Voyages: Vacation bliss in the South Pacific |

Voyages: Vacation bliss in the South Pacific

by GIOVANNA DELL’ORTO for The Associated Press
This July 9, 2016 photo shows a handful of tourists lounging by the miles-long white beach on Aitutaki's western shore in the Cook Islands. A smattering of islets inside a South Pacific reef, with about 2,000 inhabitants and 229 rooms for visitors, Aitutaki is blissfully uncrowded. (Giovanna Dell'Orto via AP)
AP | Giovanna Dell'Orto



GETTING THERE: Two to four flights daily on Air Rarotonga connect Rarotonga with Aitutaki. Fly direct to Rarotonga from Los Angeles, Sydney, Tahiti and New Zealand.


TIPS: Because the Cook Islands are independent but in “free association” with New Zealand, they have NZ dollars, English (and Maori), and left-side driving.

Swaying in a hammock hung from coconut trees, floating down a cyan-blue channel or swimming in a cloud of tropical fish, all I could think was, this place is too perfect to be real.

Aitutaki consists of a handful of small islands encircled by a lagoon in the middle of the South Pacific. It’s the paradise you always dreamed but never quite believed could exist: uncrowded, inexpensive, safe and friendly, and stunningly gorgeous around, in and under the ocean.


Here’s the catch on visiting Aitutaki: It’s not that easy to get to. First you fly to Rarotonga, the largest of the Cook Islands, 15 volcanic islands and atolls scattered over an area the size of the Mediterranean. There are flights to Rarotonga from Los Angeles, Tahiti, New Zealand and Sydney. From Rarotonga’s open-air airport, I walked into town for the quintessential Polynesian souvenir, black pearls, and then hopped on the city bus that circles the island in an hour to snorkel off Aroa Beach.

A 50-minute Air Rarotonga flight took me to Aitutaki, which has about 2,000 inhabitants and only 229 rooms for visitors hidden among the palms. When three couples from the luxury hotel next to my cabin took out kayaks, the mileslong white beach felt outrageously packed.


For Bora Bora-style overwater bungalows at over $1,000 a night, check in at the Aitutaki Lagoon Resort and Spa. For 1/20th of that price, at Matriki Beach Huts, I got a cabin on the sand with private outdoor shower and deck exactly 19 steps from the lagoon surf. Bright red petals were on the bed, but manager Lisa Green also shared a jar of peanut butter, drove me to three tiny grocery stores for picnic lunch provisions and let me pick starfruit in the garden.

For about $20, including cold beer, I had just-caught tuna steaks with homemade passion-fruit marinade at Puffy’s Beach Bar and ika mata, raw tuna cubes in coconut cream, at the Boat Shed on the eastern tip of the island.


I went to the Boat Shed on a rented bicycle from Matriki and was told that if the half-hour after-dinner ride was too much, I could just park it outside the restaurant (no locks) and any driver would get me home. I decided to pedal instead along the pitch-black road through the fragrant night, but I cannot think of anywhere else I would have considered either option safely possible.

Even in larger Rarotonga, an airport representative told me I could safely spend a short overnight layover napping on the terminal’s outdoor picnic benches after the building closed. “There may be some roosters though,” was the one note of caution he sounded.

Although I visited in early July, during the Southern Hemisphere winter, Aitutaki was bursting with palm fronds in shades of mint to lime to shamrock green and luxuriant blossoms of bougainvillea, hibiscus and frangipani.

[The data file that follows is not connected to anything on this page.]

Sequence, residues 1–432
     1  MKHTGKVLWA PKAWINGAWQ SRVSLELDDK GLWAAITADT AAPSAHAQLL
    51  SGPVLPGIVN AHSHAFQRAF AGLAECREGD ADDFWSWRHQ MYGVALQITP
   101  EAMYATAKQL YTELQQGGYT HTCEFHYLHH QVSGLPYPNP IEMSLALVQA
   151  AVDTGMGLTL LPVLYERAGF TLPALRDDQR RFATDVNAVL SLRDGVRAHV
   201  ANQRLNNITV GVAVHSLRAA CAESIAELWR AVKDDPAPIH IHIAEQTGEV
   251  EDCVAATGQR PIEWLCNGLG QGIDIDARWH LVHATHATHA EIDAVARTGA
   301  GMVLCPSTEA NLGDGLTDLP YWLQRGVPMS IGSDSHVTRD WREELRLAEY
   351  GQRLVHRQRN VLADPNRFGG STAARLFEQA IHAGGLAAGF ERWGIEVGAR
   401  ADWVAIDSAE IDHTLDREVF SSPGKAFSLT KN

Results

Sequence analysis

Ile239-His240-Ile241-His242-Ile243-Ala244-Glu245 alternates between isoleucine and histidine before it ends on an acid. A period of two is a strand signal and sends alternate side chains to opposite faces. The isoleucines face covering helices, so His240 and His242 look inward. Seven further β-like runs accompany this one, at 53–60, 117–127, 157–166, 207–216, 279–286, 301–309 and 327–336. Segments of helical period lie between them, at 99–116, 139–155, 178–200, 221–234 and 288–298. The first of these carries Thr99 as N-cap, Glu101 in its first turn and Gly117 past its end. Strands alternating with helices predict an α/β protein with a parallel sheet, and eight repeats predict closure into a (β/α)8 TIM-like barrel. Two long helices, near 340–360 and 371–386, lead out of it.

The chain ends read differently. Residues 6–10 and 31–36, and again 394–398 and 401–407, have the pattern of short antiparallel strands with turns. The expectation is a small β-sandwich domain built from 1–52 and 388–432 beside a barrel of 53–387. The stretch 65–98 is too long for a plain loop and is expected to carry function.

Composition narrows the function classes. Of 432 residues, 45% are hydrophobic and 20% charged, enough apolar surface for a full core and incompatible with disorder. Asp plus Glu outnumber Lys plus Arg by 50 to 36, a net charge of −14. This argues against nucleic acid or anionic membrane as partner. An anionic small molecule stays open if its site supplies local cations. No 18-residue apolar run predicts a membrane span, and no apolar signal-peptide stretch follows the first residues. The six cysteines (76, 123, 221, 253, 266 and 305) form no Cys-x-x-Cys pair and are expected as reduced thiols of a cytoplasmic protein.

Many of the latter ended up around my neck in an elaborate ‘ei (what leis are called in the Cook Islands) after I passed by a health conference in a village hall. I was invited to stay for opening prayer, with a rippling polyphonic Maori hymn and to return for that night’s party, when we washed down a gargantuan home-cooked buffet with fresh coconut water.


Within wading distance of my bed, I snorkeled among cobalt blue starfish and Pixar-worthy creatures in silver, black or yellow patterns with names like Moorish idol, threadfin butterflyfish and lemonpeel angelfish.

During a daylong cruise to uninhabited motu — tiny reef islands — on Lisa’s husband’s fishing boat, I saw purple coral and football-sized, sapphire-blue clams. But the colors were even more surreal above water: transparent over the sand bars, periwinkle in the surf, swirls of turquoise, green and aquamarine in the lagoon, while the lapis-lazuli Pacific roared against the reef.

It struck me that Aitutaki sits blissfully inside its reef like the best vacation amid real life: Sharks, capsizing waves, and cold abysses are still out there, but they can’t get at you here.

Support Local Journalism

Support Local Journalism

Readers around Aspen and Snowmass Village make the Aspen Times’ work possible. Your financial contribution supports our efforts to deliver quality, locally relevant journalism.

Now more than ever, your support is critical to help us keep our community informed about the evolving coronavirus pandemic and the impact it is having locally. Every contribution, however large or small, will make a difference.

Each donation will be used exclusively for the development and creation of increased news coverage.

For tax deductible donations, click here.

Start a dialogue, stay on topic and be civil.
If you don't follow the rules, your comment may be deleted.

User Legend: iconModerator iconTrusted User

Aspen Times Weekly

WineInk: January Dreams


Perhaps it’s because we are in the abbreviated days of winter and I instinctively know that the sun is shining down-under. But every January I go through a nostalgic period where Australian wine dominates my mind.

See more